“It was nothing,” Eric scoffed. “Just killing time with my good friend. I mean I know it’s not the same as spending a perfectly amazing summer day alone in your room up to your elbows in paint, but…” He let the sentence taper off, his whole body shaking with the silent laugh that came when she playfully punched him in the arm. “I don’t think I’ve ever seen you tan before.”
Jessie propped her elbows on her knees and head in her hands. “Always. Mom’s part Italian so I actually used to get really dark in the summers. Then her English and Irish side kicked in once I got older.”
“Hence the red in your hair and freckles?” Eric took off his glasses and leaned in, inspecting the spots sprinkled across her nose and cheeks.
They hadn’t been this close since that first almost kiss a year ago at prom. Her heart pounded in her throat. She’d always just thought his eyes were simply blue, but now she saw the flecks of gold and brown bursting from the center. They were surprising, but so was everything about this guy even though they’d known each other for seven years.
When his eyes rose to meet hers, part of her wanted to back up, but a greater part of her wanted to stay. Jessie met his nod, just once, in answer. “Hence the freckles.”
With their faces mere centimeters apart, she was too close to see his smile with his lips, but it was obvious in the widening of his pupils and the crinkles at the corners of his eyes.
Then came the flash of uncertainty. He leaned back, ending the moment, his glasses back in place like a window.
Or a shield.
She had no doubt that her own cheeks were as flushed as his and that it had nothing to do with the summer sun.
Silence circled around them, threatening to let awkwardness ruin an otherwise perfectly wonderful day. For the second time in as many minutes, something bold in Jessie told her to hang on, to stay. She smiled, praying it could communicate what she was feeling because she wasn’t so confident in her words right now. “Thank you for playing hometown tourist with me. Seriously, you were right. I needed that.”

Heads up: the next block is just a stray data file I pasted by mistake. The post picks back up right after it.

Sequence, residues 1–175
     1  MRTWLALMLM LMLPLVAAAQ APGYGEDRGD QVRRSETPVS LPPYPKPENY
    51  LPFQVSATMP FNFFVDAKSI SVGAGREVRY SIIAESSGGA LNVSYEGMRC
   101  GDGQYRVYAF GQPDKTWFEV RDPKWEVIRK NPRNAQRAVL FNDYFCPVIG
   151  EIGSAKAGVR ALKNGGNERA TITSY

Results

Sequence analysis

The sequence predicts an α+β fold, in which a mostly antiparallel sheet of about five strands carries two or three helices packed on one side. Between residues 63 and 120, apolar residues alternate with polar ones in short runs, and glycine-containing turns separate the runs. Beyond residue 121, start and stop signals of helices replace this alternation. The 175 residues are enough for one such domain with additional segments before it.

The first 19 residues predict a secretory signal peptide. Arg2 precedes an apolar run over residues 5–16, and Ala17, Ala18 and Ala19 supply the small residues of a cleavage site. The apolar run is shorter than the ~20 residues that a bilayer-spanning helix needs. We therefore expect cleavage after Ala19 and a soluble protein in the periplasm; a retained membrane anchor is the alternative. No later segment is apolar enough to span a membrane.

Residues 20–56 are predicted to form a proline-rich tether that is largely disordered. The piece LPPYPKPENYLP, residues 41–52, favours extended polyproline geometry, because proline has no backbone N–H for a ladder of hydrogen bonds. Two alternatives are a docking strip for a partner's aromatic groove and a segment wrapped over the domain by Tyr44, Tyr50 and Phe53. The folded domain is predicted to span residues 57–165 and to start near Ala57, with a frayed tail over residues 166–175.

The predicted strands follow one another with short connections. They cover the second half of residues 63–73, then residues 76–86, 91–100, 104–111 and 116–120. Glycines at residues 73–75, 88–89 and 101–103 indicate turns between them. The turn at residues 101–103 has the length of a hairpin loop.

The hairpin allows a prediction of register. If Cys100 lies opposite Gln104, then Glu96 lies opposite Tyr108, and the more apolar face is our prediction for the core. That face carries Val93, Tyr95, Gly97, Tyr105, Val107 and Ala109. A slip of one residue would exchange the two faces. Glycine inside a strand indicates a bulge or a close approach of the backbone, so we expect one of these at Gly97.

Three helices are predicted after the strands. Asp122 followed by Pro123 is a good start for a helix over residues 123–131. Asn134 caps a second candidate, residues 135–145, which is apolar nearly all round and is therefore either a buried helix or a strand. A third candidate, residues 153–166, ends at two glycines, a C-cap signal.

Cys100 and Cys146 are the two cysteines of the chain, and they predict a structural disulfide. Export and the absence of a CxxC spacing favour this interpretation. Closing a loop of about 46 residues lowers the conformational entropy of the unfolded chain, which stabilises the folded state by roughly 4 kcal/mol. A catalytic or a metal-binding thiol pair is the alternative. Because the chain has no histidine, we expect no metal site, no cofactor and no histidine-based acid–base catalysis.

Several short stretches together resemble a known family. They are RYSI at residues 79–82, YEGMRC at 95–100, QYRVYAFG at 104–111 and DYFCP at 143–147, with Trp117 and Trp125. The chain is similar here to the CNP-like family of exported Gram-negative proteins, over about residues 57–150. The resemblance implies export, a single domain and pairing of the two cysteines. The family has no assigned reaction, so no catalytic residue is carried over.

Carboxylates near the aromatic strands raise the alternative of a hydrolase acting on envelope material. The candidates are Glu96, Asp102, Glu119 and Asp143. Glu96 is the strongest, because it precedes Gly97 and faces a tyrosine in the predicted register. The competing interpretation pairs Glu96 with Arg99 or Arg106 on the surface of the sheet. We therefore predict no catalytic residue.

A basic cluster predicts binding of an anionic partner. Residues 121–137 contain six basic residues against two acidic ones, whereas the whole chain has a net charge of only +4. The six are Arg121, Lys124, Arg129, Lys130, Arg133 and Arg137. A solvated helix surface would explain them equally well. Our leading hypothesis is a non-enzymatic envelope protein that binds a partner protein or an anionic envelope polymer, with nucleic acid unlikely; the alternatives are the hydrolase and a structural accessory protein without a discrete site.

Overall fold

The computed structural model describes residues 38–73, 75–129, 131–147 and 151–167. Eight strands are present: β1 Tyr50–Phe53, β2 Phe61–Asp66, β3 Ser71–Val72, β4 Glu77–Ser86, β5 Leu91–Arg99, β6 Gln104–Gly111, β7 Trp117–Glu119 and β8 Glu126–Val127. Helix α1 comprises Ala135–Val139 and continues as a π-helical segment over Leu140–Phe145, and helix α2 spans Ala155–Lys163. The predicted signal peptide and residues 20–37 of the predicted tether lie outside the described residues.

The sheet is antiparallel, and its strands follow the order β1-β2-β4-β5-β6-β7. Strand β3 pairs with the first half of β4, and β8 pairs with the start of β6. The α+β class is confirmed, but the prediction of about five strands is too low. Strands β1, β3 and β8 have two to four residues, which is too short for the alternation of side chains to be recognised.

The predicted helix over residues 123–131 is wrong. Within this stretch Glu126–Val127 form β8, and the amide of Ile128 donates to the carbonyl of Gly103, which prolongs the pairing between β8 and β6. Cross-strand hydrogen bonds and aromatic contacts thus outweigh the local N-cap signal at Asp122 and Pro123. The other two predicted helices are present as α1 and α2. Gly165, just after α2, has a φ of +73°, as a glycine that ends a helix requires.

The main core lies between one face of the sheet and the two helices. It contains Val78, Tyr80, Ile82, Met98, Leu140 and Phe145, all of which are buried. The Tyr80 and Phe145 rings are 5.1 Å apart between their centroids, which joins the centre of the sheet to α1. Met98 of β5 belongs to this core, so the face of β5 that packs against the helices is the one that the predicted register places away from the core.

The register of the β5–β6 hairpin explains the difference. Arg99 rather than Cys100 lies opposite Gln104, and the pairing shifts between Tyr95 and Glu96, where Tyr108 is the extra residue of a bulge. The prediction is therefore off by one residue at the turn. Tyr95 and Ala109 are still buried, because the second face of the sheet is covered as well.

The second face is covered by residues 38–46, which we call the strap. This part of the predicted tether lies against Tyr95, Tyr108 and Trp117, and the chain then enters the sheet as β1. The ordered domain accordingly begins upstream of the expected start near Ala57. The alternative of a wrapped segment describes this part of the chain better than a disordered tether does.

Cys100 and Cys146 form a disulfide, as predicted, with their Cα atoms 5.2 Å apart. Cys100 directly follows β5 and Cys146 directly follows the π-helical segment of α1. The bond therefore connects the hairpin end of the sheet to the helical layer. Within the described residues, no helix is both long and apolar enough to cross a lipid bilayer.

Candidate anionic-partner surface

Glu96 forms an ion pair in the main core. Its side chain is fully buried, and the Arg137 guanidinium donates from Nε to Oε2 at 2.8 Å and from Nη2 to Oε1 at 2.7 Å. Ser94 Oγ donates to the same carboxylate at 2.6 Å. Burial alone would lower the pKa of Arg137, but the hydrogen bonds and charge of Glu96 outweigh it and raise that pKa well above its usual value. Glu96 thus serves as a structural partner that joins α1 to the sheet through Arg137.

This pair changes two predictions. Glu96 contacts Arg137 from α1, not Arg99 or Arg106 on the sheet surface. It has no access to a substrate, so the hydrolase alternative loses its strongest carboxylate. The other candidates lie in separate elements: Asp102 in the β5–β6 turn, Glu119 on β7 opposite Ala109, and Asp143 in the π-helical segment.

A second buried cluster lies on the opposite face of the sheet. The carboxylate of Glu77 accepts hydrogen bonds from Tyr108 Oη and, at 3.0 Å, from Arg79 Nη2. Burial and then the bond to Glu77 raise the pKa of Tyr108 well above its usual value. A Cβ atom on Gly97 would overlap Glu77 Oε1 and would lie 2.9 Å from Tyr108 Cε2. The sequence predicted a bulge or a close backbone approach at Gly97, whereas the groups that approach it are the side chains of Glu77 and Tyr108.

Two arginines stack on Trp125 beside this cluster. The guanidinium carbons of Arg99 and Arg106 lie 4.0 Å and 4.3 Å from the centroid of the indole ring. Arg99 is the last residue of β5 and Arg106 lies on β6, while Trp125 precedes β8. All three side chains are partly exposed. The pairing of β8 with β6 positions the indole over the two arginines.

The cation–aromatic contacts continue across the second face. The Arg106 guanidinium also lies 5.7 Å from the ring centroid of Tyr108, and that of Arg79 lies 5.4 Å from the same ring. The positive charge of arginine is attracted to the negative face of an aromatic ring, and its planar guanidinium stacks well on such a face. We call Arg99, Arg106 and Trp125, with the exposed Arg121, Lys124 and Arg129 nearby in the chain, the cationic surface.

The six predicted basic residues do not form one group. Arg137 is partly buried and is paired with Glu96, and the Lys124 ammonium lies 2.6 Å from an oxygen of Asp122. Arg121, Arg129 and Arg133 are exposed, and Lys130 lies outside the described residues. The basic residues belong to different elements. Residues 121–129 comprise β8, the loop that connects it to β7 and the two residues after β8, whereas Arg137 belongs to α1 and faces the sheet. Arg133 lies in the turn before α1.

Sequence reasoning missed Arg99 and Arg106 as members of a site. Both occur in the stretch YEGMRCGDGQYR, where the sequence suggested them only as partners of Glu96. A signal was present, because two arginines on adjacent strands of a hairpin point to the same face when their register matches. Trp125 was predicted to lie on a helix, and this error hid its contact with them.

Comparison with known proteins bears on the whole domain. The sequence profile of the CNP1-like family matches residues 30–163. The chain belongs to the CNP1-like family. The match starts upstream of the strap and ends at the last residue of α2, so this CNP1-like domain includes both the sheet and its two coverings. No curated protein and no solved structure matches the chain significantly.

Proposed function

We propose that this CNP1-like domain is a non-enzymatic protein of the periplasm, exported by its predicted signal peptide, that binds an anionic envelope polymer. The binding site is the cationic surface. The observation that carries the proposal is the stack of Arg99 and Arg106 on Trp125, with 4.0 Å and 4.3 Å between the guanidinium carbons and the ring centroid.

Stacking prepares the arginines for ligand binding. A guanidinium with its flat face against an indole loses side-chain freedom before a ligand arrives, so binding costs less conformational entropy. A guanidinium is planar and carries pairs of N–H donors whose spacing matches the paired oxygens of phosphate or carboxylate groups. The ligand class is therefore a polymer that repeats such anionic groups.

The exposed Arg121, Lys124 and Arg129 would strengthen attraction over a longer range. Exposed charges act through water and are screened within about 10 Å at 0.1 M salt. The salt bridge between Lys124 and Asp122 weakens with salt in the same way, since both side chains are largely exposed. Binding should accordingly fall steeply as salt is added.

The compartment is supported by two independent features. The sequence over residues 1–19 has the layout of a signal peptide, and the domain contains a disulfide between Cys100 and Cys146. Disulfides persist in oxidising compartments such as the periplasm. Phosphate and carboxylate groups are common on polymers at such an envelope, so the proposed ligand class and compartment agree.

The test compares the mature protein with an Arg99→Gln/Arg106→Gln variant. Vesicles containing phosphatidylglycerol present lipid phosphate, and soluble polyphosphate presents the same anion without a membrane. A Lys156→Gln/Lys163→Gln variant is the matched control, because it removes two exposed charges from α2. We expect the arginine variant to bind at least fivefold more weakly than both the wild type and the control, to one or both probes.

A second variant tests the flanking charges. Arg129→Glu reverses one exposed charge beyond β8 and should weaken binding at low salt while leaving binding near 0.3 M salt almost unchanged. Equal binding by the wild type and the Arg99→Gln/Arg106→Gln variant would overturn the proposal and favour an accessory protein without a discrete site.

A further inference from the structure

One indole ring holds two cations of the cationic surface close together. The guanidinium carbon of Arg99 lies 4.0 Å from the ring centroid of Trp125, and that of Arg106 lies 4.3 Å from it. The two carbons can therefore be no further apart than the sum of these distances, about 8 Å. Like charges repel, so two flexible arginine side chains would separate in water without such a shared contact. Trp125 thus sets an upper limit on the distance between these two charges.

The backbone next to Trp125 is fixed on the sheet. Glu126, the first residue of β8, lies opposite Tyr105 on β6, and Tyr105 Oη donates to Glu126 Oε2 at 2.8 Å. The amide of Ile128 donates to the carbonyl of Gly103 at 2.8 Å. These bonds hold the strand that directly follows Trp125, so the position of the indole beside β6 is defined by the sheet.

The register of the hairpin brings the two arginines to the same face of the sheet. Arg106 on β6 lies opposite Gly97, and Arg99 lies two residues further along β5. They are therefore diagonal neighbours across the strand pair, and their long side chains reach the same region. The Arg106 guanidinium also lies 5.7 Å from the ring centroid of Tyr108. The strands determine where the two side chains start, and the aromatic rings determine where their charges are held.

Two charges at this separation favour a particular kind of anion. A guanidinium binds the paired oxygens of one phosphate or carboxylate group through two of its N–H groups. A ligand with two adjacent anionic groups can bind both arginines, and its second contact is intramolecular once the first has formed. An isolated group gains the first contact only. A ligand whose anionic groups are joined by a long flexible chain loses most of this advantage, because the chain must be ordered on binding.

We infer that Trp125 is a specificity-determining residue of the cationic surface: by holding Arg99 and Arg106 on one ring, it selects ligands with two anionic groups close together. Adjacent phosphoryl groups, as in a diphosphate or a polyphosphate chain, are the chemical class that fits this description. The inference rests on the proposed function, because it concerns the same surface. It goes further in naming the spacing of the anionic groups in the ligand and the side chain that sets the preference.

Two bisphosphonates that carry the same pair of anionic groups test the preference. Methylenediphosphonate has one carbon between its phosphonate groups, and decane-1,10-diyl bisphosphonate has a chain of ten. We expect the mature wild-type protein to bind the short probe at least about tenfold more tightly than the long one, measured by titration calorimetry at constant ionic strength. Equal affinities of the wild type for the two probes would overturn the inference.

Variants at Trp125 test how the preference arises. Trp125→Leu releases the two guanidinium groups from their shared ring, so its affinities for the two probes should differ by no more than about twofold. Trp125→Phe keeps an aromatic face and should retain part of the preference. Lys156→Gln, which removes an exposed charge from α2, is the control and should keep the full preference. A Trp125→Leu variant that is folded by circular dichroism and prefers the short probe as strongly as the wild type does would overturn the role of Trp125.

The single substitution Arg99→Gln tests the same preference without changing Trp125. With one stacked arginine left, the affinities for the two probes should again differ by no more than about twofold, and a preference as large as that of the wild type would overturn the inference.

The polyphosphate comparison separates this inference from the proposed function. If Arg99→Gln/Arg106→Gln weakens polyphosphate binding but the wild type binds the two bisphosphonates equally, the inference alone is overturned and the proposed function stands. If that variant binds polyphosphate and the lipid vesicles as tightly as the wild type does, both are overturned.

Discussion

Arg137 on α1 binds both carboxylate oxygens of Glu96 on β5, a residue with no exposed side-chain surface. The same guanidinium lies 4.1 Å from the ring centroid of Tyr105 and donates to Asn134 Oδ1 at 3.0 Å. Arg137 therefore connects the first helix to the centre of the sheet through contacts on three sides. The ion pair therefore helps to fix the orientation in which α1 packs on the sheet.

“You know,” she said, sitting up straight, “it’s not that I don’t want you to come to Rachel’s wedding. I do want you to. I do want you to be my date and hang out with my family and we make fun of each other’s dancing and all of it.” She sighed, shoulders falling as she looked away from him and out at the sunlight dancing across the water. “But it’s that you can’t come. For reasons I can’t tell you and Lord knows how much I wish I could.”
“I’m pretty likable. Flexible. Open-minded,” Eric said, his voice a miserable mix of frustration and sadness. “I’m a good guy. Your dad likes me, and your mom and your sister. We’d all have fun this year, the five of us talking together during your video calls home.” He hung his head, one fist clenching the picnic table so hard his knuckles went white.
Jessie reached down, laying her hand on top of his. The pressure immediately let up at her touch, the anger deflating leaving only a desire to understand. She scooted closer and tentatively kissed his cheek. She felt him suck in a breath, then sigh as she snuggled closer and rested her head on his shoulder. He let go of her hand, only so he could wrap his arm around her.
“Well then,” he said quietly. “Okay.”
“Rock on,” she replied, liking the sound of their usual words coming from the opposite person for a change.
Change. The word was still scary in Jessie’s mind, but less so because it was necessary. Bit by little bit, she’d been doing what she and Dad set out to all along. She wasn’t Rachel or Mom. She couldn’t and shouldn’t stay at home forever. Her world was bigger than that, there was so much to see. And family wasn’t just about the people you’re connected to by blood or name. It’s friends, the people you choose and who choose you back.
Eric McKidd, eternal optimist, all around good guy once he stopped being a pain in her ass, was just as much a part of Jessie Yamamoto’s family as the people she shared a roof with. He was her friend and so much more than that.
Change. It had to happen. If Dad could make change happen once on accident all those years ago, maybe the two of them could make it happen again on purpose. All the old rules said she had to choose, but the world was changing.
It was high time the rules got a revision. Because Jessie made her choice.
She was tired of being told secrets were her only option.
She walked the line between the Seen and Unseen her entire life.
Jessie Yamamoto chose both.
Now the only question was how.
Sarah’s Prompt: Summer is all about making choices, so this time I’m giving you an option. Check out the Instagram account called Yeah_Write, an account dedicated to daily visual writing prompts. You can pick an old picture (and it’s accompanying prompt if you wish) or go with the one for whatever day you start writing. Please link us to whichever picture you decide!